Cycling throws up the memorable, the iconic images and moments which live with you in your memory well beyond the moment which you perceived them. I won’t claim this is in any way a definitive list, merely the moments that will stick with me beyond the here and now. The above picture is of Nairo Quintana winning the Queen Stage of Tireno-Adriatico, which came close to making the Top 5.
The Women’s NRS wraps up this weekend with the Goldfields Tour and it should prove to be an eventful affair, with varied racing and still plenty up for grabs in the NRS overall classifications. Lucy Bechtel of Bicycle Superstore chatted before the race about the course and how she sees the race unfolding. It has been a good season for Bechtel, she took a win in the Tour of King Valley, and two second positions in the National Capital Tour, but she doesn’t expect to be competitive in this event. “Personally, I wasn’t going to be doing this tour so it will one of gaining experience for me, and riding for my teammates. We’ll have to have a discussion about who’s feeling good and who wants to be looked after.”
A dramatic penultimate day of the Vuelta saw Tom Dumoulin finally crack, delivering the jersey to Fabio Aru after a fine display by his Astana team. Rodriguez and Majka will round out the podium, provided they stay upright on this final stage, which is the normal Grand Tour processional followed by a criterium-style circuit.
It's the last big hurdle for Tom Dumoulin, he has overcome everything that has been thrown at him so far, but on the last stage where his competitors can make up time, they will throw everything they have at the big Dutchman in a last ditch attempt to snatch the red jersey from his shoulders. It will certainly be compelling viewing and isn't a good night to go to bed early.
The Grand Prix Cycliste de Montreal is the second and harder of the two Canadian classics races, and like the GP Quebec, it is a relatively new addition to the cycling calendar, only having been raced since 2010. Both the Canadian races have become important preparation for the World Championships, and riders who want a chance at the rainbow stripes either ride the Vuelta or the Canadian classics. The circuit race format used here is unusual in the World Tour, and is part of the reason that is offers good Worlds preparation, as the Worlds course is almost always a circuit race as well. The GP Montreal has typically been won by puncheurs or climbers, with the winners list comprising of Robert Gesink, Rui Costa, Lars Petter Nordhaug, Peter Sagan and Simon Gerrans. Only Gerrans win came down to a bunch sprint, due mainly to the very strong work of Orica-Greenedge on the last lap.
Two superb riders were the talk of the race after the TT yesterday, Tom Dumoulin and Fabio Aru, one who trounced the field and took the red jersey, the other who hung on to keep the race leader's advantage to a miserly 3 seconds. That sets things up for a frenetic last three stages, before the Madrid processional, with no summit finishes on the agenda, but quite a bit of climbing nonetheless.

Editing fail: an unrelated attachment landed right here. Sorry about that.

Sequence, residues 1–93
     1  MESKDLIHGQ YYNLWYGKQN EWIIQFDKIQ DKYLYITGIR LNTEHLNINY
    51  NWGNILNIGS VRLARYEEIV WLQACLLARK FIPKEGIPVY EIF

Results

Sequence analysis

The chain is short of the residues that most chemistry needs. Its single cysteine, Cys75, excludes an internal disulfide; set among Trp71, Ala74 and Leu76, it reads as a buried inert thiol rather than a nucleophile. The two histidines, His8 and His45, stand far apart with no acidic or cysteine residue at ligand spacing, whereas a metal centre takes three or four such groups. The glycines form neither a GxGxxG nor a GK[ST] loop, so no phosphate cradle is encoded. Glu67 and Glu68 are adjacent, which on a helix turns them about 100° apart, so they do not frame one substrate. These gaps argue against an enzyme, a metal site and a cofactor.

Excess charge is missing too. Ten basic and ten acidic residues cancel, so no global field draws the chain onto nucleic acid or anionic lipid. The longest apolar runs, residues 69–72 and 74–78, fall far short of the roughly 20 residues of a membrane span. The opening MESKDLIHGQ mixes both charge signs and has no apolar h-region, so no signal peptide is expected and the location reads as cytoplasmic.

This time trial is shaping as the decisive stage of this Vuelta, after the mountain stages haven't seen one rider emerge dominant as of yet. All eyes will be on Tom Dumoulin today, as he is the most credentialed time triallist in the field, and could well lay the foundation for his first Grand Tour win. In fact it will be his first Grand Tour of note for GC, his previous best was 33rd in the 2014 Tour de France.
Joaquim Rodriguez closed to within a second of the red jersey within an impressive win on Stage 15, but he will need to continue with his time gains if he wants to win the Vuelta. Tom Dumoulin lost more time, but he's still within striking distance if he rides a good TT as expected, and everyone else will be nervous of the prospect of being too close to him coming into the Stage 17 TT.
On other fronts, Vuelta organisers have proven themselves either incompetent or mischievous liars, again publishing an incorrect profile of the final climb. I only really notice at the points where it says it should be 11% and is quite clearly 4% or in Stage 9 where the opposite was the case, but it throws into question all their data, as it would be easier to mistake say a 7% gradient for a 6%, and tougher for me to spot as well. So I won't be relying on the racebook for specific details, more as a general indicator.
The battle for the red jersey is poised very intriguingly at the moment, mostly due to the looming presence of the flat TT, and the respective abilities of the GC riders against the clock. The climbers know that they'll need to take time, and it will be very interesting to see how that plays out on the steep slopes of the final climb here.
Lampre-Merida did a great job tactically on this stage, attacking with Nelson Oliviera, and then marking the rest of the break and slowing down the chase by interrupting the turns at the front. Julien Simon respresented my selections by taking 2nd on the day, but clearly missed a trick by not having his teammate Bagot work to close down Oliviera more.
The next day could be for the break again, but the GC candidates will have to come out to play on the summit finish.
I'm Jamie Finch-Penninger, better known as Fishy, the best DS to ever sit a couch. Anything which I don't cover for a bigger site will be up here.
Come here for the previews of all the World Tour races this season, plus any Pro Continental/NRS/tricycle races that take my fancy. Along as it's pro cycling I'll have some sort of opinion on it. I'm Australian, so be prepared for a healthy Orica-Greenedge bias. Please feel free to request any changes or previews, and stay up to date on Twitter and Facebook.